Top news of the day from across the health care landscape.
Pfizer’s new atopic dermatitis drug, abrocitinib, met its primary endpoints in a late-stage study evaluating the drug in patients 12 years of age and older with moderate-to-severe forms of the disease, Reuters reported. According to the article, abrocitinib achieved statistically significant improvement in clearing the skin of patients with atopic dermatitis compared with a placebo. The results of the study showed abrocitinib was consistently well tolerated, the article reported.
A new study showed glucosamine, a dietary supplement used for arthritic pain, may reduce the risk of heart disease, The New York Times reported. According to the article, the study examined 466,039 men and women who were free of cardiovascular disease at the start of the study and approximately 90,000 of them reported regular use of glucosamine. Compared with those who did not use the supplement, glucosamine users had an 18% lower risk of coronary heart disease and a 15% lower risk of any cardiovascular event, the article reported.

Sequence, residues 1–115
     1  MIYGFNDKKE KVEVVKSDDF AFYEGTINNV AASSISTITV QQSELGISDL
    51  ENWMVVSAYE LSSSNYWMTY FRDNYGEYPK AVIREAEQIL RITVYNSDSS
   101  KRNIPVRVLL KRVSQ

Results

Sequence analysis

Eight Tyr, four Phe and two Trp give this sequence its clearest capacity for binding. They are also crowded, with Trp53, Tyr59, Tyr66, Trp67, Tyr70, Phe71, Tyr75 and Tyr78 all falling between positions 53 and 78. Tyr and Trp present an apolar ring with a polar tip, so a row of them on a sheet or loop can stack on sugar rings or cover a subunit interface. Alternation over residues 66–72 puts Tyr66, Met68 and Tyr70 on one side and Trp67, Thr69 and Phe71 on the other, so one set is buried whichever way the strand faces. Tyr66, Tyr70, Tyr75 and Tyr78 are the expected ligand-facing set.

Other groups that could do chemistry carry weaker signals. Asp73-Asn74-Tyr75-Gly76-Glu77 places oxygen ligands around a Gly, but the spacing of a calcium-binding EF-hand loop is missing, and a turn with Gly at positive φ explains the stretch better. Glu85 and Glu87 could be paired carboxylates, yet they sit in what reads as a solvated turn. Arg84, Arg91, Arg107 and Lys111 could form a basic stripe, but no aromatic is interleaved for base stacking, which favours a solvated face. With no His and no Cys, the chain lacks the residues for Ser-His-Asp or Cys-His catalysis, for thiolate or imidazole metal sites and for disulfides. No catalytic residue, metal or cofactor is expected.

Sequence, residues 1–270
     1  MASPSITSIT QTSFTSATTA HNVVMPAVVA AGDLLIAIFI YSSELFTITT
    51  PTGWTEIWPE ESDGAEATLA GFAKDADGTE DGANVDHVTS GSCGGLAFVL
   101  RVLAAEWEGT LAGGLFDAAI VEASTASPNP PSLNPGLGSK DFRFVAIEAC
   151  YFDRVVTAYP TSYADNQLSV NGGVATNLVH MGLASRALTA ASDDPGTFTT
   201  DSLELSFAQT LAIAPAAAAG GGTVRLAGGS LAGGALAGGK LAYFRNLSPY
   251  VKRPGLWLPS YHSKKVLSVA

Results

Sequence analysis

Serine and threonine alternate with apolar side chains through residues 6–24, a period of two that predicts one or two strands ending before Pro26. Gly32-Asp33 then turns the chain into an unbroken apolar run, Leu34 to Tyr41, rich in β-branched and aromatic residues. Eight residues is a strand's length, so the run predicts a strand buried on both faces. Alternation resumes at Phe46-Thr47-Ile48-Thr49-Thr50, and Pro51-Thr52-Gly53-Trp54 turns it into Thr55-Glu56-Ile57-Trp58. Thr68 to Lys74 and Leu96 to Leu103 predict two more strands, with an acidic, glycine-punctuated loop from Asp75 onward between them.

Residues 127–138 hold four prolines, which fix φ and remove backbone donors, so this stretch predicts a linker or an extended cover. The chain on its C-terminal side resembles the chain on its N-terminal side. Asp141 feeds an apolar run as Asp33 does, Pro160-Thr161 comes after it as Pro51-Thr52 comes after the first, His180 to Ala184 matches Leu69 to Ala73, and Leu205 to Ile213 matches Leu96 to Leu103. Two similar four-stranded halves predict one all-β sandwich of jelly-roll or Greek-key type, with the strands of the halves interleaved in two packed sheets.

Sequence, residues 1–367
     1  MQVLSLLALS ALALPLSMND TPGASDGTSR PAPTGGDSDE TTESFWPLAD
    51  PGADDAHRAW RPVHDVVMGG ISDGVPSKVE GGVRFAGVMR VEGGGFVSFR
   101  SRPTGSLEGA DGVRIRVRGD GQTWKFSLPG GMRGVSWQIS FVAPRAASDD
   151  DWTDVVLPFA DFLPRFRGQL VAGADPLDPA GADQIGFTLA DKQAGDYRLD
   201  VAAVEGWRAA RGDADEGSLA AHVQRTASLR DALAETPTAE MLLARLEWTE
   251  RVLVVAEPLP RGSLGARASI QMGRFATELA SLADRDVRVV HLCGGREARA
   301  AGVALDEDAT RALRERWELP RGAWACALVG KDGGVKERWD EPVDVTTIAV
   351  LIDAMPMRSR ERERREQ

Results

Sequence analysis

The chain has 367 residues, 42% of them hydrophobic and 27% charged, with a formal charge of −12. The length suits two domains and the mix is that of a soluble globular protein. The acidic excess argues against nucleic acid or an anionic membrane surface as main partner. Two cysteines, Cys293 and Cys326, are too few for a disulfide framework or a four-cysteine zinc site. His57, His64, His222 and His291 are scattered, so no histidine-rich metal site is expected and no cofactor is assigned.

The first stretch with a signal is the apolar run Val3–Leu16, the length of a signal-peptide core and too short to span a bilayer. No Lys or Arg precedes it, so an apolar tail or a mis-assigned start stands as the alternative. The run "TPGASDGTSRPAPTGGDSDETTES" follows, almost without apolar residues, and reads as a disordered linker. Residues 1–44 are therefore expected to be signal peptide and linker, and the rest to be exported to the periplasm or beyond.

Most patients with migraine taking an oral, acute prescription medication reported unmet treatment needs in a large survey, The American Journal of Managed Care reported. Among 15,133 respondents with migraine, 26% reported use of oral acute prescription medications. Overall, the majority of respondents had at least 1 unmet need, reported unmet needs related to demanding attack characteristics, or had unmet needs related to inadequate treatment response, the article reported.